In The Mix

The Drone King

For productions of all kinds, Eric Austin is the man to call for unmanned aircraft.

Paula Hendrickson
  • Eric Austin, on the Glamis sand dunes in California, performs a pre-flight check for a Yamaha commercial.

    Courtesy of Jill Schmidt PR
  • Eric Austin directs a drone by controller, also known as a ground control station or GCS.

    Courtesy of Jill Schmidy PR

Not everyone can combine their childhood interests with their grown-up jobs, but Eric Austin has.

He merged his passions for photography and radio-controlled aircraft with his sales skills to create a career as a groundbreaking, award-winning aerial cinematographer.

"In about 2009 I saw people trying to put a camera on an RC [remote control] helicopter and thought I could do it better," Austin says. Now lead drone pilot for Measure Media (M2), he adds, "Back when we were flying RC helicopters, it was really hard to stabilize the camera." But that didn't stop him from getting some great shots.

"I was working on a show for Discovery called Hell Roads, which was about the world's scariest roads. I found myself in La Paz, Bolivia, on 'the road of death' flying an RC helicopter at about 13,000 feet — we were so high that the clouds were below us. It was unbelievably scary and enchantingly exciting."

Then drones swept the market. "They were even worse than helicopters as far as stability," Austin recalls. That changed when a drone manufacturer developed a gimbal to stabilize cameras faster than operators or wind could move them. Austin quickly mastered drone flying, which enabled him to capture better, steadier and more dramatic shots.

"Sometimes they want us to do car tracking, sometimes it's something simple — like instead of getting a Technocrane or a big jib, they want us to do a lift and reveal over a tree," Austin says. "It varies a lot, from flying over the ocean, through a jungle, and very intense stuff to easy but invaluable shots that we can get faster and cheaper than with traditional equipment."

He's worked on sporting events, reality shows like Treehouse Masters, dramas including Preacher, Wrecked and Queen of the South, and NatGeo's ambitious Iraq War miniseries, The Long Road Home.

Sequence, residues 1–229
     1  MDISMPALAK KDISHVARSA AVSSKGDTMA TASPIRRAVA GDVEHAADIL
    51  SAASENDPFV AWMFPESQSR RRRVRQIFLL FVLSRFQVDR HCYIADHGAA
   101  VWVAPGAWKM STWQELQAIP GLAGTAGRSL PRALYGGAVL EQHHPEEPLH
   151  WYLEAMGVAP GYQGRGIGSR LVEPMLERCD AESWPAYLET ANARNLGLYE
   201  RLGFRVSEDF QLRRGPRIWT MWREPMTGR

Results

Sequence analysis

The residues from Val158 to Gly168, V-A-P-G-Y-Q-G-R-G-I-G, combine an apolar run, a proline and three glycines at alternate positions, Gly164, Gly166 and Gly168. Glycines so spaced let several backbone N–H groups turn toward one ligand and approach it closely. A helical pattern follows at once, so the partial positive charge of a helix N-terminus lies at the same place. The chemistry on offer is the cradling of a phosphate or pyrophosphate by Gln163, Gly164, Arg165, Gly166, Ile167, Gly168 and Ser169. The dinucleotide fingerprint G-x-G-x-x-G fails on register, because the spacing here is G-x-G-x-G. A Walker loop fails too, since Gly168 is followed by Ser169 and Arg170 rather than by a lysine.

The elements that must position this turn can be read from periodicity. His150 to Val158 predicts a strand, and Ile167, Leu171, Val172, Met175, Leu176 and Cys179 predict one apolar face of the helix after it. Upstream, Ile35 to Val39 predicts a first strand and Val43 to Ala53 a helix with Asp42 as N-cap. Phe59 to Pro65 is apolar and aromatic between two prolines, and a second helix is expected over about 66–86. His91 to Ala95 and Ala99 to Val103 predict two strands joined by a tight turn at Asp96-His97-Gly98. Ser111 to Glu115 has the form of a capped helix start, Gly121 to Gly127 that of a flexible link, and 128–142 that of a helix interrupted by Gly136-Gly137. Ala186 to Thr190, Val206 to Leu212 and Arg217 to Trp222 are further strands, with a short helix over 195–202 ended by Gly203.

"That was amazing," Austin says. "We flew a drone — a huge one with a very powerful spotlight on it — to replicate a military helicopter looking for some guys stuck on a roof. About 60 guys with fully automatic machine guns were shooting at the drone — pyrotechnic explosions all around it. It was crazy."

As the former owner and operator of HeliVideo Productions, Austin won a 2017 Technology and Engineering Emmy. But he's more than a consummate pro.

"Eric really was a forefather of the industry. Not just of drones in the cinematography industry, but of the entire commercial UAS [Unmanned Aircraft Systems] industry in the United States," says Jon Ollwerther, M2's vice president of media. The two were friendly competitors until 2017, when Ollwerther hired Austin for M2's new media department.

Humble by nature, Austin downplays his importance to the industry, but Ollwerther calls his colleague a pioneer who cowrote what in 2012 became the FAA 333 Exemption, which allows professionally operated unmanned aircrafts to operate in regulated airspace on a case-by-case basis: "Eric actually received the first 333 Exemption from the FAA, making him the first commercial operator of drones in the United States."

This article originally appeared in emmy magazine, Issue No. 3, 2018